James Joyce was born on February 2, 1882 in Dublin, Ireland. He was educated at Belvedere College in Dublin. His family was poor, the father was a civil servant and the mother was a pianist. James Joyce graduated from the University in 1902, after which he went to Paris. While there, he held positions as a journalist, teacher and other jobs that did not pay him very well.
James Joyce published “Chamber Music”, which was a collection of poems in 1907. The collection was of 36 love poems. Two years later, he opened a cinema in Dublin. The cinema was not successful and he soon returned to Trieste along with Nora Barnacle (whom he married in 1931) and worked various jobs. In Trieste James Joyce wrote most of “Dubliners”- a collection of short stories portraying Dublin. He published it in 1914. “A Portrait of the Artist as a Young Man” - an autobiographical novel, was published in 1916 and the play “Exiles” in 1918. At the beginning of World War I he moved to Zurich where he began working on the early chapters of ”Ulysses” – published 1922.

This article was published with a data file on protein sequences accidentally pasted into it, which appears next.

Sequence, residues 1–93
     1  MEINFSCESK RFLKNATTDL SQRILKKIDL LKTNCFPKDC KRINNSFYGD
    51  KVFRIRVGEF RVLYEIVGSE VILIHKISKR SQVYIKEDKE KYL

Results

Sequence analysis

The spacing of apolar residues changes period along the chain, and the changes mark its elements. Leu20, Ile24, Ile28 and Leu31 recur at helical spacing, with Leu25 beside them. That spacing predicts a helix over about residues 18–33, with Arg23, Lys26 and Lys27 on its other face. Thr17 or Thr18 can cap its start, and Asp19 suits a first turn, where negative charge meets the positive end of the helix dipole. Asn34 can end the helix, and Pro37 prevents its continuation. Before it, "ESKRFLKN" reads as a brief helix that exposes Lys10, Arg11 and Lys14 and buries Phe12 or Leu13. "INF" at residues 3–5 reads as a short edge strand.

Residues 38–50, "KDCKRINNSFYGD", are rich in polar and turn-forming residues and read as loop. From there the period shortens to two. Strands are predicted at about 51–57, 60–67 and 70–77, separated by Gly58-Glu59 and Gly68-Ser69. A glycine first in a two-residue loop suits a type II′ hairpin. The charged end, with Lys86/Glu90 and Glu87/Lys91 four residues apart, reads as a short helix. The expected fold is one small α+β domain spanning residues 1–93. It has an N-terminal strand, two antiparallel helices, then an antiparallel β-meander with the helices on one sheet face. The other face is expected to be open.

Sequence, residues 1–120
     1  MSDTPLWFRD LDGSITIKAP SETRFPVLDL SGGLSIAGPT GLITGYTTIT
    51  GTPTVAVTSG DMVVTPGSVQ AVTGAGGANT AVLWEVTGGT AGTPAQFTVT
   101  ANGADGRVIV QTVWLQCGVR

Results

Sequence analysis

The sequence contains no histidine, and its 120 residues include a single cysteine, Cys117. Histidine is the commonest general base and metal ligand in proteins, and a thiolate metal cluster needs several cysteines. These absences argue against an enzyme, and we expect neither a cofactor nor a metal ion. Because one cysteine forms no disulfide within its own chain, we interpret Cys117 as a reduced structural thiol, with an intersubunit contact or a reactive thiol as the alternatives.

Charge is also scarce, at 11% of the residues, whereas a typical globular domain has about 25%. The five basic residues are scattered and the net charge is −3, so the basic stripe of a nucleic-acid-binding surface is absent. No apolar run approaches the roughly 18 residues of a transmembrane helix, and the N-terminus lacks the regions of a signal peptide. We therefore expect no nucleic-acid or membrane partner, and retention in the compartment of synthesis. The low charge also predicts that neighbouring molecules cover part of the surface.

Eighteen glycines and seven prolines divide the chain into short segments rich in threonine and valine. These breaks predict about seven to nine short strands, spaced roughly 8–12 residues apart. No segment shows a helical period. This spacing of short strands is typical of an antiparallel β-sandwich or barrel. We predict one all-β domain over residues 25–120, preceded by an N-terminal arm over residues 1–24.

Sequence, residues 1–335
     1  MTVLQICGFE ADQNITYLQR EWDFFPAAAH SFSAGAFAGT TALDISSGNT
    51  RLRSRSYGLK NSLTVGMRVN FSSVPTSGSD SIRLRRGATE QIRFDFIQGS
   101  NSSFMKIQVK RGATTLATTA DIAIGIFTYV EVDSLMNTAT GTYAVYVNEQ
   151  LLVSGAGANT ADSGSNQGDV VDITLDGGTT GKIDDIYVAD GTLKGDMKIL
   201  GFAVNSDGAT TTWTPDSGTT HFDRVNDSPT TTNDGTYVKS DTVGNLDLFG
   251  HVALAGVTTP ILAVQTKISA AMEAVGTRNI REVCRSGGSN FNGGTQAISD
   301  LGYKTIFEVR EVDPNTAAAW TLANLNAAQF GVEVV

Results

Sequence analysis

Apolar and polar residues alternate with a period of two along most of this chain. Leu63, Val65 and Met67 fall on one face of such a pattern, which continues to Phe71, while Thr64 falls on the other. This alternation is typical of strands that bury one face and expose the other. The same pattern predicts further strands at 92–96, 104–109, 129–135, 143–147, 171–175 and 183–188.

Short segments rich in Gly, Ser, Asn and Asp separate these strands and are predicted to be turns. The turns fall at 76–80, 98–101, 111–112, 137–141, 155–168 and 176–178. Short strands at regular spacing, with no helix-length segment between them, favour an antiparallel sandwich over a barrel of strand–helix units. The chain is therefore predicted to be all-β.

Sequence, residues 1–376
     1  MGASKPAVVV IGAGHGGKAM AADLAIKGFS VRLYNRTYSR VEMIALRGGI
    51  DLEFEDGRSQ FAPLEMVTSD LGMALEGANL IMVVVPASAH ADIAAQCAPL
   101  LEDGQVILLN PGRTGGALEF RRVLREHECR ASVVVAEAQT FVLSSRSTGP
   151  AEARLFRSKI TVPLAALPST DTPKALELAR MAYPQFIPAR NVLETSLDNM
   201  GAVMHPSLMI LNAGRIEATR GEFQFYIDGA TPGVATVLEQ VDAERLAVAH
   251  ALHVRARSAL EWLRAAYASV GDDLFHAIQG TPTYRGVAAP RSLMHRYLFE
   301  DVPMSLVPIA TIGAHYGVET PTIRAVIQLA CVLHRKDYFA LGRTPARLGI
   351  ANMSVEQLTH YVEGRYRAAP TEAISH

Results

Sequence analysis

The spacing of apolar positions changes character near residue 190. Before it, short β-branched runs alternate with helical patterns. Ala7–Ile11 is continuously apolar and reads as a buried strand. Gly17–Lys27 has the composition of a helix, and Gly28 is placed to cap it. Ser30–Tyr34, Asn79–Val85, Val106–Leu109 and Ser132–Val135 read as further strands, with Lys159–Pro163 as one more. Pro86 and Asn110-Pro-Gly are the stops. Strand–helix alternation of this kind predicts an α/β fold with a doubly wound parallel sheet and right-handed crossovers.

James Joyce started working on his second major work “Finnegan’s Wake” in 1923. In April 1924, the first section of the novel was published. The final version appeared in 1939 but there was mixed reaction to this work.
James Joyce is well known for his experimental use of language, symbolic parallels and extensive use of monologue. However, during his lifetime his works were often criticized by literary critics, rejected by publishers and misunderstood by readers.
James Joyce died on January 13, 1941 in Zurich.